Select Committee on Treasury Minutes of Evidence

Examination of Witnesses (Questions 20 - 39)



Mr Beard

  20. I would like to go back, in the light of that, to my first question which was a very blunt question, namely, what was your role in relation to the problems of Equitable Life? Did you have a role in relation to the problems of Equitable Life?
  (Mr Daykin) Yes. We had exactly the role I indicated, that we reviewed the financial statements of the company, as with other companies that we were required to review, and made a confidential report to the regulator for the time being.

  21. Was your advice accepted when you gave it?
  (Mr Daykin) It is not possible to say that precisely because our advice represents a review of the financial situation of the company. It is not our task necessarily to say what regulatory action should be taken in any particular situation but to present the financial information and facts about the company—as with any other company—which would enable the regulator to be well informed of the situation.

  22. Did you assess the nature of the insurance policy that would need to be taken out by Equitable Life to cover its potential liabilities after the court case on guaranteed annuity rates?
  (Mr Daykin) The focus of regulation in the UK is on reserving, not on the nature of the contracts themselves. In fact, under EU legislation now there is a requirement not to have any prior approval of products or premium rates but that has always been the case in the UK—that companies have been free in the life insurance area to issue whatever contracts they wish at whatever premium rates they choose, and the focus of regulation has always been on the adequacy of the financial resources and on the adequacy of the solvency margin, the excess of the assets over liabilities, in particular in relation to the requirement set by the EU in that regard.

  23. Did you advise on those matters?
  (Mr Daykin) Yes.

  24. Were you satisfied that the advice was responsibly taken?
  (Mr Daykin) As far as I am able to judge.

  25. And your advice was to safeguard against possible liabilities in the future, and you felt that that advice was adequate to do that?
  (Mr Daykin) The primary responsibility for establishing appropriate technical provisions and taking care of the reasonable expectations of the policyholders rests with the appointed actuary of the company. Our responsibility in advising the regulator has been to monitor the role played by the appointed actuary and to satisfy ourselves that he, or she should that be the case, is following the appropriate professional norms and standards, and setting up reserves in a way that we would regard as adequately prudent.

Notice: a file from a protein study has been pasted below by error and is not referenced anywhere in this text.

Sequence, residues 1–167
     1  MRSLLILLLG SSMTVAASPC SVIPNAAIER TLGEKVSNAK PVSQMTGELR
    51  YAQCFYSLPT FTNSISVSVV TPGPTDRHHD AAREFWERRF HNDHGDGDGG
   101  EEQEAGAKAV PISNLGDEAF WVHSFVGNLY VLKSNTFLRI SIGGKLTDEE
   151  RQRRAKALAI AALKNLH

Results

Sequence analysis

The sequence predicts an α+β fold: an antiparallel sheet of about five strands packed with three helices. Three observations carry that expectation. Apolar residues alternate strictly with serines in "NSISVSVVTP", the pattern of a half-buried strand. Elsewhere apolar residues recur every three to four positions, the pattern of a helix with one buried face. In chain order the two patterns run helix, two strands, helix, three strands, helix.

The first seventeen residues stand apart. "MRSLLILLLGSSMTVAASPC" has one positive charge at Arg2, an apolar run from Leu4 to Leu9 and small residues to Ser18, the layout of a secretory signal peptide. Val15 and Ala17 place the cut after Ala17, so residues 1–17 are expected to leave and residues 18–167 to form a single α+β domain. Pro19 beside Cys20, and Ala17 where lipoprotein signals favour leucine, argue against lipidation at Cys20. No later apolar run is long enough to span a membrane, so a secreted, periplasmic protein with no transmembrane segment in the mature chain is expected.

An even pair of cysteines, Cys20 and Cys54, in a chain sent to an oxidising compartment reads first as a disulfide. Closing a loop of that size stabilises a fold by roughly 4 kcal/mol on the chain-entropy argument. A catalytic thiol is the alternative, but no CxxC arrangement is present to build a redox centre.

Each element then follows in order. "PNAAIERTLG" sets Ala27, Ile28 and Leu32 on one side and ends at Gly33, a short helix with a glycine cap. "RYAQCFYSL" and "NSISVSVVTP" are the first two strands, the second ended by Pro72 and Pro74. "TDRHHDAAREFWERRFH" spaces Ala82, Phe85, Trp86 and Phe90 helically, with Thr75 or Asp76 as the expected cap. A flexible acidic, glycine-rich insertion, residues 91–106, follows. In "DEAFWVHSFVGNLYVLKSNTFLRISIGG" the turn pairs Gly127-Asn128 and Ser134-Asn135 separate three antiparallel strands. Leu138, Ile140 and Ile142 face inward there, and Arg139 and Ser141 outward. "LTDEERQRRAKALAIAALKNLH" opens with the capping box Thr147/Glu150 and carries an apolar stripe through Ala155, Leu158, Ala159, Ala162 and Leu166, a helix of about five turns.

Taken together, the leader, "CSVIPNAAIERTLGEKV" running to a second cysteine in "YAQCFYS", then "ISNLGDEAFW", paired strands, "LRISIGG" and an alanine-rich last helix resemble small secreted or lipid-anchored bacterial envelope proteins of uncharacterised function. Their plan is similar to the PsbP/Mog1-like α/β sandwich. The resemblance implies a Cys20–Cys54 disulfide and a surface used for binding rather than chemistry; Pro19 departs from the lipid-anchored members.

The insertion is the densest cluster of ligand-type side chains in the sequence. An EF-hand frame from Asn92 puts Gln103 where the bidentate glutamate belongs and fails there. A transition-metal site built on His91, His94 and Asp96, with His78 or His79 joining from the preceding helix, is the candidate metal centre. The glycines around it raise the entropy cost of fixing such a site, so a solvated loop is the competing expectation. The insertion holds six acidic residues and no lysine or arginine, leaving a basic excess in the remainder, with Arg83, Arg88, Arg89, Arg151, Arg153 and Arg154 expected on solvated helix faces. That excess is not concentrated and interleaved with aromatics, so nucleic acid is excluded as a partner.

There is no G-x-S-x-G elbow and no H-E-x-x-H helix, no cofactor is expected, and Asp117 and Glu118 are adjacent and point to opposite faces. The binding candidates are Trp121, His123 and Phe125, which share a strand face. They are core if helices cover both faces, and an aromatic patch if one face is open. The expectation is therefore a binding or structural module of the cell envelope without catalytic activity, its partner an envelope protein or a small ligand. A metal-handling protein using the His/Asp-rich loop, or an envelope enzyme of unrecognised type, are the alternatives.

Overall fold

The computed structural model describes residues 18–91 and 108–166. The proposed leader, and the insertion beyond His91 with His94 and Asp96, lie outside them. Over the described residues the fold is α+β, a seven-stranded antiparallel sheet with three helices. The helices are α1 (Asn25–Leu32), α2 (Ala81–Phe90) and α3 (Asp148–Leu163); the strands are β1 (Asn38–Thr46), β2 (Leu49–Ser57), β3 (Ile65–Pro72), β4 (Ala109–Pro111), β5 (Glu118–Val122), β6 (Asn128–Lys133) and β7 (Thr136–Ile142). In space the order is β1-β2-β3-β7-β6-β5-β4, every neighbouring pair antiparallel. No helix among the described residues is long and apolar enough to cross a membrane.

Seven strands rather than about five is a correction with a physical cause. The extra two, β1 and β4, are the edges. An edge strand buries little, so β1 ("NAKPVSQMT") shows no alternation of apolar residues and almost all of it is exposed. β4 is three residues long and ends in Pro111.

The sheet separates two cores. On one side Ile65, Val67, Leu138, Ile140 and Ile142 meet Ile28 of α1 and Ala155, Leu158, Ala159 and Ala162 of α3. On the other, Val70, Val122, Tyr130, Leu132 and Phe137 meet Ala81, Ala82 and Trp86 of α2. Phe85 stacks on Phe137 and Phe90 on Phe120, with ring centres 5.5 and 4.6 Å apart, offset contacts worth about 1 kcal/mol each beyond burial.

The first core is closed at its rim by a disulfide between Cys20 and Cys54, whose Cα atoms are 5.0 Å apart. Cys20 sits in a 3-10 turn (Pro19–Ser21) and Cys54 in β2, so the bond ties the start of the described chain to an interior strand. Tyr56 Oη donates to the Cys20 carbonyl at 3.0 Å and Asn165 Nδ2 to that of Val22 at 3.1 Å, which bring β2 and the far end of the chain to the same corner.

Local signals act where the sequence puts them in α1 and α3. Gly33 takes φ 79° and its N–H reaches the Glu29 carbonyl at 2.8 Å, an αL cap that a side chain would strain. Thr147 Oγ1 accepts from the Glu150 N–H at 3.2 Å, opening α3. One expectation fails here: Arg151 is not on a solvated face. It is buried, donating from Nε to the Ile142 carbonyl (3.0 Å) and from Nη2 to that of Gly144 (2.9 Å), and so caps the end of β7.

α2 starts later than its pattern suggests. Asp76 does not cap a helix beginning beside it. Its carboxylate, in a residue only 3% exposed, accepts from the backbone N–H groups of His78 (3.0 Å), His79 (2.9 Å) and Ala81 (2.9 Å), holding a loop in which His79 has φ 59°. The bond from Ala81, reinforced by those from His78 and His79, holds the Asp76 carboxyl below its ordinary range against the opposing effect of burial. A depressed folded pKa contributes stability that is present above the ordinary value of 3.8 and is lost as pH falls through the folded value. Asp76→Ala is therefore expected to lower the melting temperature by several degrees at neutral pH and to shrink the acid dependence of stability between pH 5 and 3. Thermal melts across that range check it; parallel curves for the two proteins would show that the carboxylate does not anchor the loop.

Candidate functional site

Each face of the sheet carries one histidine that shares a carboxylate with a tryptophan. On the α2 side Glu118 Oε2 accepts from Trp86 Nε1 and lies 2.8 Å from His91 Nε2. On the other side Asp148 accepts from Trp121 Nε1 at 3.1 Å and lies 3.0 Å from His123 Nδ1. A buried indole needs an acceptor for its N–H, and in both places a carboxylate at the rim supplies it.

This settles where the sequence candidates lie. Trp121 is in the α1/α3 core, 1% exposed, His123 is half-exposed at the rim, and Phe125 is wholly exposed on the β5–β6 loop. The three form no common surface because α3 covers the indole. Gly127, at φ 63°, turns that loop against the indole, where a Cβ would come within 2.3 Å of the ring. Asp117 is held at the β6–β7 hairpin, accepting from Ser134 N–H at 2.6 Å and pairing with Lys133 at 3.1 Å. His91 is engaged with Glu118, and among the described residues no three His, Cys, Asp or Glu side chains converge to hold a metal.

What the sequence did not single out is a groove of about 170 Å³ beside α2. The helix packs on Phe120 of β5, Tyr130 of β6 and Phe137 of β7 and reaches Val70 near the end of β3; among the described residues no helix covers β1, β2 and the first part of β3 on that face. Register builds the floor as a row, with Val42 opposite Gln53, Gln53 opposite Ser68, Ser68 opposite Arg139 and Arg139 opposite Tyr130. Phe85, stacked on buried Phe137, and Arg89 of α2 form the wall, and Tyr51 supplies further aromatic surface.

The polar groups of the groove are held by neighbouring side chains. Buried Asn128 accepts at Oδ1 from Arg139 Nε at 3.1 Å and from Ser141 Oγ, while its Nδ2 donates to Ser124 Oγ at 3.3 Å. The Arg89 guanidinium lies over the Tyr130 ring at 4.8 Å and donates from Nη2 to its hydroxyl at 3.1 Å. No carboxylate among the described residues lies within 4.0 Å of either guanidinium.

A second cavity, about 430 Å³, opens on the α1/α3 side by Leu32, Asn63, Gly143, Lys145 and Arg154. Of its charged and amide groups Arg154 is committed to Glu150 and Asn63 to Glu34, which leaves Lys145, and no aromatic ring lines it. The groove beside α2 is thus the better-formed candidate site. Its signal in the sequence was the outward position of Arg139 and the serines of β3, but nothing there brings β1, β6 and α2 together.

26. Are you saying that your advice is about the procedure that the actuary should follow rather than about the adequacy of the insurance company for a particular set of circumstances?
  (Mr Daykin) No. I think I am saying that the primary responsibility rests with the appointed actuary in the sense that we do not have the responsibility to go in and calculate the reserves of the company ourselves. We monitor what the appointed actuary is doing through what is reported to us and through our interaction with him in order to satisfy ourselves that what he is doing is reasonable, and we may then, in some cases, suggest that there should be a different approach or that the regulator needs to be talking to the company about certain issues, and in some cases we issue generic guidance to the industry—as, indeed, in this case of guaranteed annuities. I put out a letter in January 1999 and another one in December 1999 setting out some of the broad considerations which I thought it important for appointed actuaries to take into consideration in setting up reserves.

  27. With respect to the particular case of Equitable Life and your advice to the actuary there, was it your belief that the actuarial advice that was given to Equitable Life was adequate?
  (Mr Daykin) I am not able to answer that specific point because it is a matter of specific professional advice on a particular company to our client.

  Chairman: Perhaps I should just say to my colleague that we do have the FSA in front of us next week, and that may be the best place to pursue this particular matter.

Mr Beard

  28. Mr Chris Headdon moved in December 2000 from being Equitable Life's appointed actuary to its managing director. Do you have any misgivings about that kind of switch?
  (Mr Daykin) I do not have any role in relation to the approval of directors and managers of companies. Directors and managers are subject to the fit and proper procedures under the legislation, and the FSA would take an interest in this. The only general rule which I have been involved with in relation to this is that we discourage somebody from being appointed actuary and managing director at the same time.